Ned Dunstan took the chair before my desk and clutched the satchel to his chest like a life-preserver. I can see him now, twitchy, haunted, unutterably sublime. He had no small talk; his attitude was that of a delicate, wary forest-creature pausing for a much-needed drink of water while in flight from an advancing fire. Beneath the hum of his anxiety lay a fine-spun network of nerves, a regal resolve, a steely assurance, a vast, speaking sorrow. He was, as I have said before, easily the most impressive man I had ever met. Yes, he said, he had completed a book, a memoir composed during his travels, and he had hoped that I might know someone, a professional writer, who would be willing to eliminate the rough spots and make all the necessary adjustments – for he knew himself no writer – after which I might be willing, of course at the customary fee, to attempt to place the manuscript with a publishing house. He would leave the addresses and whatnot at which he could be reached, but he could do no more with his book and wished to entrust it into my care.

I shall treat it as though it were my own, I assured him, I have the honor of personal acquaintance with several highly-regarded writers and many contacts in the world of publishing. May I ask for some description of your memoir’s contents or subject matter?

Dunstan trembled. I feared that he would run from my office and escape for good. Instead, he slumped into the chair, displayed a smile of the purest, most heartbreaking sadness I have ever seen on the face of a fellow human being, and began to speak. The things he said startled me, electrified me, moved me nearly to tears, humbled me. He spoke simply, without affectation, opening detail by detail a world deeply Other and unfamiliar, yet deeply my own. All right, I know how that sounds. I know that, all right? I don’t care how it sounds. This is what happened. Ned Dunstan smiled, opened his mouth, and, speaking in a steady, resonant, rational voice, expanded my vision of the possible. Foundations crumbled, walls collapsed, an old world fell in ruins and a new one rose in its place. Something like that. The earth shook. Something like that.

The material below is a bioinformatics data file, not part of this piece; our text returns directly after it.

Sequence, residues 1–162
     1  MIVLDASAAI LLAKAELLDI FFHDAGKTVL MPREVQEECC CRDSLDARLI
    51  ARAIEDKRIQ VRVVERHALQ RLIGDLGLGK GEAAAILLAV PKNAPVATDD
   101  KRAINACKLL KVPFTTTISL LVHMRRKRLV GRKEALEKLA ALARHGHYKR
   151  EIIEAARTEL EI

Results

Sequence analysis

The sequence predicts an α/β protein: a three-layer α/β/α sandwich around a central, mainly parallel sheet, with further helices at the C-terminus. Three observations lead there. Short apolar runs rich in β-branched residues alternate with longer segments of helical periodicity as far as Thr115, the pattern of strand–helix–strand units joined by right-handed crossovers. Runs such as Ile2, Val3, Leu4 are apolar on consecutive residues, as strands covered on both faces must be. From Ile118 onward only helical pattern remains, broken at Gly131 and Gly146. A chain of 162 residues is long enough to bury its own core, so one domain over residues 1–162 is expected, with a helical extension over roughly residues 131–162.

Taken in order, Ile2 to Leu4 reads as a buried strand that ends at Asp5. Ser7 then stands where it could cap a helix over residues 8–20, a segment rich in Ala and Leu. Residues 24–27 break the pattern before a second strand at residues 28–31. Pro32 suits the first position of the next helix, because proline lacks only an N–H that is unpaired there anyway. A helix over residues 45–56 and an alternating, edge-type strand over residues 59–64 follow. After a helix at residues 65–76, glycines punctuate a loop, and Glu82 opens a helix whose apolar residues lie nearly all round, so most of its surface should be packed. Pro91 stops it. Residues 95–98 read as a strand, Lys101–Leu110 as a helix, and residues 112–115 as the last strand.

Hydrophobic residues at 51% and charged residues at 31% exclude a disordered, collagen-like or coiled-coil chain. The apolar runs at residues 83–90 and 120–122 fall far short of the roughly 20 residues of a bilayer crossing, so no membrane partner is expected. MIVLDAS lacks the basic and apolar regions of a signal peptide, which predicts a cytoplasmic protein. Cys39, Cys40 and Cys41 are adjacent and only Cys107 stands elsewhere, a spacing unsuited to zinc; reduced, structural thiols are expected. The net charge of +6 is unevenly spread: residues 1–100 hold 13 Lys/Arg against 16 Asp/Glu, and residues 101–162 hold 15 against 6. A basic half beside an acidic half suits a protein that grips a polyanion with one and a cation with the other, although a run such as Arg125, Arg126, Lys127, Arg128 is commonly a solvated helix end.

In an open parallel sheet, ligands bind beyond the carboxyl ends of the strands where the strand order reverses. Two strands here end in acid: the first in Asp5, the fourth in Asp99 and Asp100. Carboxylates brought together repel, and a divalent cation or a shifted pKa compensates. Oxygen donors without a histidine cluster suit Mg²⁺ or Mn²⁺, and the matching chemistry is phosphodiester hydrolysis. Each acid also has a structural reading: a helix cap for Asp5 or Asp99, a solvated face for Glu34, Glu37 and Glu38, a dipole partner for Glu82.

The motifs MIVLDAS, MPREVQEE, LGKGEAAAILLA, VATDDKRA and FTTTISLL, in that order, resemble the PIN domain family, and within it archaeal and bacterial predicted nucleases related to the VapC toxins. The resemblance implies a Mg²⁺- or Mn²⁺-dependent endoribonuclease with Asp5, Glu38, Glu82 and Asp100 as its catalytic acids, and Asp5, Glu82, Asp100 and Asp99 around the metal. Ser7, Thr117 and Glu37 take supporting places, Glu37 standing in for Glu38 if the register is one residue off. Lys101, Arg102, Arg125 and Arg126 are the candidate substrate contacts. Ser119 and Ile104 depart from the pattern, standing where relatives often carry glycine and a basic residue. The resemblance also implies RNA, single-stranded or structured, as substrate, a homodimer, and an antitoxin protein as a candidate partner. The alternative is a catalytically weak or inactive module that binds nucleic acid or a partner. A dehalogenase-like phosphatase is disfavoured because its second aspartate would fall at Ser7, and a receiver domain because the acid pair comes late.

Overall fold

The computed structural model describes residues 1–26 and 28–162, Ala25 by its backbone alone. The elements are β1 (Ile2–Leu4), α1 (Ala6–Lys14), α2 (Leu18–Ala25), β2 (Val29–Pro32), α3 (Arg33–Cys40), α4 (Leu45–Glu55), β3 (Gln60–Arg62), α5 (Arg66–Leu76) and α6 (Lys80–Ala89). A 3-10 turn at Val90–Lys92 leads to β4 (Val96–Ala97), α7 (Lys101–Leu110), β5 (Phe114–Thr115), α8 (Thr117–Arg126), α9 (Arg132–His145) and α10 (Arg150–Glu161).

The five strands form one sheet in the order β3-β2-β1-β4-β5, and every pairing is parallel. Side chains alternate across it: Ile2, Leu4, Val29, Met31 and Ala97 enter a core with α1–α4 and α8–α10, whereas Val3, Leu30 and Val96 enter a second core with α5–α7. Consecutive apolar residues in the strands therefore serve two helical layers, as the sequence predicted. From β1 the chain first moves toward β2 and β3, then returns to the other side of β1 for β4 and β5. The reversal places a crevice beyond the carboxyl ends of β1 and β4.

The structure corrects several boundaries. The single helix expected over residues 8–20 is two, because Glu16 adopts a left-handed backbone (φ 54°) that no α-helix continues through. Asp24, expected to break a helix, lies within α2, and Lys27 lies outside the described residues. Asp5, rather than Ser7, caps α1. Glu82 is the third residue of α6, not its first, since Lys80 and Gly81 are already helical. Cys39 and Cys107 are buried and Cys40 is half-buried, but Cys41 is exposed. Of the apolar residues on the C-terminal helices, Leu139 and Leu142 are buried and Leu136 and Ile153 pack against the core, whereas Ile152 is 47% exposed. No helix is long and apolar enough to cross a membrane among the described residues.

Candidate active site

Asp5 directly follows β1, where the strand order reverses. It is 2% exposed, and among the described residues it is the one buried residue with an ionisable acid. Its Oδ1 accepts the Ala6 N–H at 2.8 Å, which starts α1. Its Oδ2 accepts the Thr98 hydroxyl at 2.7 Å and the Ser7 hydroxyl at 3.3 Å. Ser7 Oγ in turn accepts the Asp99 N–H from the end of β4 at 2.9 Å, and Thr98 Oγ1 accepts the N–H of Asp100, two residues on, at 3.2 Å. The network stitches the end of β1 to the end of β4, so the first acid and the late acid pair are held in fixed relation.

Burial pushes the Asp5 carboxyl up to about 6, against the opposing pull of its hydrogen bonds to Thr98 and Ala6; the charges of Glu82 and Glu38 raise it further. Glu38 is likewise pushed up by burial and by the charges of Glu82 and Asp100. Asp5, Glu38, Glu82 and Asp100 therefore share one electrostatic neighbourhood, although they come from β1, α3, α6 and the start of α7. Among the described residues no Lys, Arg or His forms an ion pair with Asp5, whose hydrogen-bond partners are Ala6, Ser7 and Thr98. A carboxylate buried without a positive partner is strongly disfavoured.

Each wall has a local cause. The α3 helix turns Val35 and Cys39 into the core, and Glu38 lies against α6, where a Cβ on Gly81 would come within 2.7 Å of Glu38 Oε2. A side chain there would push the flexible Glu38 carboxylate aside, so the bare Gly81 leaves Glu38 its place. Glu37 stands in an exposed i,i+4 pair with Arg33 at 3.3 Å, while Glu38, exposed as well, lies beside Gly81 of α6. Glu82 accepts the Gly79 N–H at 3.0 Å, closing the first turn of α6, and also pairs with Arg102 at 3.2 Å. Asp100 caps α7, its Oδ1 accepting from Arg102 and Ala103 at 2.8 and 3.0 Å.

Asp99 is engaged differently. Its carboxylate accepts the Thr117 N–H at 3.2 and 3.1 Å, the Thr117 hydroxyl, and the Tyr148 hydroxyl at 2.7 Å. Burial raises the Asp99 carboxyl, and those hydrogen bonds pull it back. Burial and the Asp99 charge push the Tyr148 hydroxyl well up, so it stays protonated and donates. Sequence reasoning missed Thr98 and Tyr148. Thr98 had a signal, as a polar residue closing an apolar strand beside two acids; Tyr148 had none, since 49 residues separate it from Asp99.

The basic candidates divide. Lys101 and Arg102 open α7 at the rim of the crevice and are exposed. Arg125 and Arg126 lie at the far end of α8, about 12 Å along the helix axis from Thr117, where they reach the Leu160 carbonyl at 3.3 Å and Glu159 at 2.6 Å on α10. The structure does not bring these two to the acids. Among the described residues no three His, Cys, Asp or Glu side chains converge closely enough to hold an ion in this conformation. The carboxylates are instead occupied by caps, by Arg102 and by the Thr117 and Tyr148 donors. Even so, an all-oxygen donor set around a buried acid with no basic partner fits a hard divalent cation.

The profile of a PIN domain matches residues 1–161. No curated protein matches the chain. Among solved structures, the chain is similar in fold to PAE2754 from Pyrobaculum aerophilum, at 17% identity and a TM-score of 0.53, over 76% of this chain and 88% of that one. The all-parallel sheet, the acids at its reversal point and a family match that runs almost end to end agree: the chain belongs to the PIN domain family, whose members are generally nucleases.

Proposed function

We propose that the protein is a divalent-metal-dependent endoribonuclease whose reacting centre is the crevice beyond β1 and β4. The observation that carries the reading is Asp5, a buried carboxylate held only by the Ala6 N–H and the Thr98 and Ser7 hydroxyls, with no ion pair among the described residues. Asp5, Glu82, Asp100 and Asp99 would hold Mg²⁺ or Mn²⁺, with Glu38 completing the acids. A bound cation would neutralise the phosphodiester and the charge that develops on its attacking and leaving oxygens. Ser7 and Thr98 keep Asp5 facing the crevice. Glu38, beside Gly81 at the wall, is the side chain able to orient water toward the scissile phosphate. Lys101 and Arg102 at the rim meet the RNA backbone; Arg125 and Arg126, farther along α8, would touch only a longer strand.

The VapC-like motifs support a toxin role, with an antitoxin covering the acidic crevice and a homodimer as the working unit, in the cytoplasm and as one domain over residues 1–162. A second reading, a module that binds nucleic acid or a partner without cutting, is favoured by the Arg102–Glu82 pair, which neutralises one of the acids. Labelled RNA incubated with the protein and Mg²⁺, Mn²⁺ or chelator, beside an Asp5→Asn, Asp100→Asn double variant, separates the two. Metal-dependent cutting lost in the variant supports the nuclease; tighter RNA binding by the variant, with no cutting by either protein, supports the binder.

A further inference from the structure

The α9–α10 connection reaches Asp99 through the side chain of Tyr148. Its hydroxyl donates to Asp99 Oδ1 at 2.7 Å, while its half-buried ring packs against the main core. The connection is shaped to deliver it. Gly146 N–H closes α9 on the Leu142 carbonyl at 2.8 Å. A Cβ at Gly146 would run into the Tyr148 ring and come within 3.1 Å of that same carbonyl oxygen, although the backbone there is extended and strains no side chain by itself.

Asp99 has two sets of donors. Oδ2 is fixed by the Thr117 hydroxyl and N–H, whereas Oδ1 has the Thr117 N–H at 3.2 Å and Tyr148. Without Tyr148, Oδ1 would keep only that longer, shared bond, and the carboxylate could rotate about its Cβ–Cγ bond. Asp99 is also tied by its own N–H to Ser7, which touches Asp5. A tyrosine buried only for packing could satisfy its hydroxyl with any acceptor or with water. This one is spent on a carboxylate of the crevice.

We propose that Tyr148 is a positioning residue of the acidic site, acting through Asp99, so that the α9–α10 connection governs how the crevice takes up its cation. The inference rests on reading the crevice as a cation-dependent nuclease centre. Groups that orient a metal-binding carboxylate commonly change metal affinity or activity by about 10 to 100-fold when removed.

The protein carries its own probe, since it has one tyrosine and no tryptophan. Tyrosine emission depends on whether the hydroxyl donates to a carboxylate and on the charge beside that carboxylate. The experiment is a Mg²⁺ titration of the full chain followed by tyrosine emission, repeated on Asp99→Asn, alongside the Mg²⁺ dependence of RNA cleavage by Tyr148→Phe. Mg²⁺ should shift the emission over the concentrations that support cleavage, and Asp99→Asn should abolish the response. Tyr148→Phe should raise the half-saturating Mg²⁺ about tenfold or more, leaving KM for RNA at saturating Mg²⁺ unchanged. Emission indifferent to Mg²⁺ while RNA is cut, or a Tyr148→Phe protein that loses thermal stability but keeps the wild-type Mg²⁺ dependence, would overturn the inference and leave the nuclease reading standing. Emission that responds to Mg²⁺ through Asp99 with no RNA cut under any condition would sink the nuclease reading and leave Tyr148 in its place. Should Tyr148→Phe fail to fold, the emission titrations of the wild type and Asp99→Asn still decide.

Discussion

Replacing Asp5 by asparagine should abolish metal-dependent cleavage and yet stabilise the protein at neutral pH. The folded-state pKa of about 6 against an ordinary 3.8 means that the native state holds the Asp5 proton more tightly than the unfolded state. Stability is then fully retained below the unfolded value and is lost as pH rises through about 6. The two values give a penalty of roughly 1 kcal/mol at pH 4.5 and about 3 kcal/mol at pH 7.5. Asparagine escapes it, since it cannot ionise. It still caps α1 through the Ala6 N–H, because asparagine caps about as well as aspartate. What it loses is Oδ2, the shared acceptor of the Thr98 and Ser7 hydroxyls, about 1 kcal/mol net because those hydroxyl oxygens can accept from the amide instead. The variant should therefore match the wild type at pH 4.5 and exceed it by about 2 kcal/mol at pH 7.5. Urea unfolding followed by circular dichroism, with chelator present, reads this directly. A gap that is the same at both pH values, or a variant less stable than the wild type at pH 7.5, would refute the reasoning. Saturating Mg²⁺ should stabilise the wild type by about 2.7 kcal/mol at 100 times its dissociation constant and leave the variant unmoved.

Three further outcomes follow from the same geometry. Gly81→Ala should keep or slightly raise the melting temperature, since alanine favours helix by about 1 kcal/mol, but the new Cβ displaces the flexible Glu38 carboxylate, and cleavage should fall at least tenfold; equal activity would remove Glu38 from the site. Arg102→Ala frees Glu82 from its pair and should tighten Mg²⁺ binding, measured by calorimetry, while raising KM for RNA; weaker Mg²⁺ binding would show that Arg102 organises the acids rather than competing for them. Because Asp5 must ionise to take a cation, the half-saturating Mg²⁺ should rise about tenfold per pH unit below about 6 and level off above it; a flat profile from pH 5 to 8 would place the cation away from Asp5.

He surrendered the buttery satchel and left. The moment of his leaving, our handshake, the meeting of our eyes, his swift, quiet closing of my door, all of this was poignant. After composing myself, I took the elevator downstairs and copied the typescript. I brought both copies back to my wretched apartment and spent the rest of the evening and half the night reading Dunstan’s book, which by a wide margin failed to match the effect of the version I had heard him tell in my office. It was awkward and self-conscious; it needed the touch of a professional.

For weeks, I sought to interest good writers, reputable writers, in the project. Most of them lacked the imagination to see the magnitude of the opportunity before them. My first choice, Tim Underhill, Peter Straub’s sometime collaborator, would gladly have taken on the rewriting but could not spare the time. I despaired. Just at the point when I thought I would have to admit failure, my friend Peter left a message for me at the Academy. He and Susan were in Rome visiting Dennis and Lily Montresor, whose relationship with the Academy went back many years. Dennis had mentioned a mysterious young man and a manuscript entrusted to my safe-keeping. Could we get together?

My compatriot of the sandbox and the swingset appeared in my office that very evening. He took, far less gracefully than Ned Dunstan, the chair before my desk, and he whined, whined, whined. The tale of murder in Central Park was a dead duck, asphyxiated by narrative complications. His career was no less dead, kaput, extinct. He owed his publisher another book, but the well was dry. Desperation and self-pity roughened his voice and exaggerated his gestures. I believe he smoked an entire pack of cigarettes. Perspiration streamed from his shiny pate. Oh, the bills, the sheer, staggering fortune squandered on groceries, the private school tuition, the incomprehensible mortgage, the depredations of the IRS and the demands of the accountant who battled them, oh, the rising costs of cigarettes, triple-distilled vodka and other compensatory luxuries, oh, the price of Testoni shoes (his), Brioni shirts (his) and Armani suits (take a guess), oh, oh, sometimes it cost him five bucks in handouts just to walk around the block, shit, man, only frequent flyer miles had rescued him from the humiliating torment of a seat in Steerage on the trip to Rome, hell, man to man, friend to friend and just between a pair of lifelong pals, if in fact there was anything to this story of Dennis Montresor’s of a, a what, an unfinished manuscript, if that was true, you know, the part about looking for a writer, well, look no further, was all he could say. As a stopgap. To tide him over. In a professional sense.